There are two models of quad stick available. I use the Original model for day to day use in my job. They are made from black, anodised aluminium and weigh-in at 1.1kgs, these retract to 1.1m. The other model is called the Journey, which I have used abroad and out of the two are my preferred set of sticks. The Journey model has carbon fibre sections making up the middle of the sticks; reducing weight, making them warmer to hold in the winter and also small enough to fit in a suitcase.

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Add-ons

When you buy a set of Viper-Flex sticks they will now come with clip grip covers. These cover the holes that allow you to adjust the height of the sticks. In the past the holes have attracted criticism for whistling in windy conditions. The clip grips also reduce the cold on your hands from the aluminium in the winter. For anyone that already has a pair of Viper-Flex sticks, clip grips are available free of charge – or simply cover up the holes using some black electrical tape.

An additional single leg can also be purchased for use with both the Original and the Journey models. This fifth leg attaches to the front of the Viper-Flex  sticks and effectively allows you to rest the rifle in the sticks, fully self supported, without any movement from your body at all. However, for most this will be a step too far, and some will no doubt feel it is an unnecessary addition.

There is also a wide angle front and rear cradle for your rifle to sit in. This fits both models and allows more left and right movement than the standard size. Three notches in the rear cradle allow for more left and right movement than is possible with the original, single rear notch.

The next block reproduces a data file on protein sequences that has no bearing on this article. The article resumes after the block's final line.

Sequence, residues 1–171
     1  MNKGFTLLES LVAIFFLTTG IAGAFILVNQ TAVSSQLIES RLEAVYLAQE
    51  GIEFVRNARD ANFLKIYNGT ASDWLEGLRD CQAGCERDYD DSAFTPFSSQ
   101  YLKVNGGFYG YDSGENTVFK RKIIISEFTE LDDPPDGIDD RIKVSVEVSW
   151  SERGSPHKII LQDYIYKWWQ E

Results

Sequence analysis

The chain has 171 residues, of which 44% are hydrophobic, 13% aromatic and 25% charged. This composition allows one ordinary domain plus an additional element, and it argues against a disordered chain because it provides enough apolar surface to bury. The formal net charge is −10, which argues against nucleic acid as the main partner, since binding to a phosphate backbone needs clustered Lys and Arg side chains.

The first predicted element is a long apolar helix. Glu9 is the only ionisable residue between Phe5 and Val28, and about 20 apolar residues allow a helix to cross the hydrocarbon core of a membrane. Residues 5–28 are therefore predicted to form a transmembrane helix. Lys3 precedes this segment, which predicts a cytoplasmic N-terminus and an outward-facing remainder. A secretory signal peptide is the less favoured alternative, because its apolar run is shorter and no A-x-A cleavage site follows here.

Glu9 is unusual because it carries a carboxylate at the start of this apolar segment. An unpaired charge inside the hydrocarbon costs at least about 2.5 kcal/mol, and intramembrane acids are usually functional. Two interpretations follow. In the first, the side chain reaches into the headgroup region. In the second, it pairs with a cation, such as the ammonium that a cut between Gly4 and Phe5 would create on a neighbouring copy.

And the newly released Go-Lo attachments, which are added in between the quad legs and the cradle to allow the legs to open right up and give the shooter the ability to shoot from a kneeling or sitting position. Although I have tried using the Go-Lo attachments, for our relatively flat landscape in East Anglia they seem to be of little advantage. However, I’m sure they have a better application on hilly ground or when sitting up in ambush locations.

Pros

  • Extremely well made with no screws (which often come loose and fall out with other types of sticks) and should last you a lifetime.
  • Flat front rest enabling you to move the rifle left and right without moving the entire set of sticks, as you would have to with home-made, crossed-top sticks.
  • In my opinion, the most stable manufactured sticks on the market.

Cons

  • The Original model is probably a little heavier than home-made sticks from wooden dowel.
  • Can be a little noisy  when first used, but this is soon overcome with practice.

Conclusion

Deer stalkers are some of the most stubborn people you will find in society. Some will always know better, want to make their own sticks, or buy the cheaper alternatives. However, as a professional using sticks every day I know that home-made sticks eventually break and cheap sticks fall apart with heavy use. I am convinced that the old saying ‘buy cheap, buy twice’ certainly applies to shooting sticks. There simply aren’t any better made or more stable shooting sticks on the market in the UK. For a recreational stalker I can’t believe that Viper-Flex sticks won’t last you a lifetime, and for other professionals in the industry I’m sure these  sticks will serve you well for many years before having to be replaced. I would also say that using these quad sticks has definitely increased the accuracy of clients that stalk with me,  which in turn has led to a higher clean-kill rate on the deer.

Elite SRP £169

Elite Fifth Leg SRP £45

Journey SRP £249

Journey Fifth Leg SRP £55

Wide angled cradles SRP £45

Go-Lo attachments SRP £47

Available to buy from www.shooterssuppliesuk.com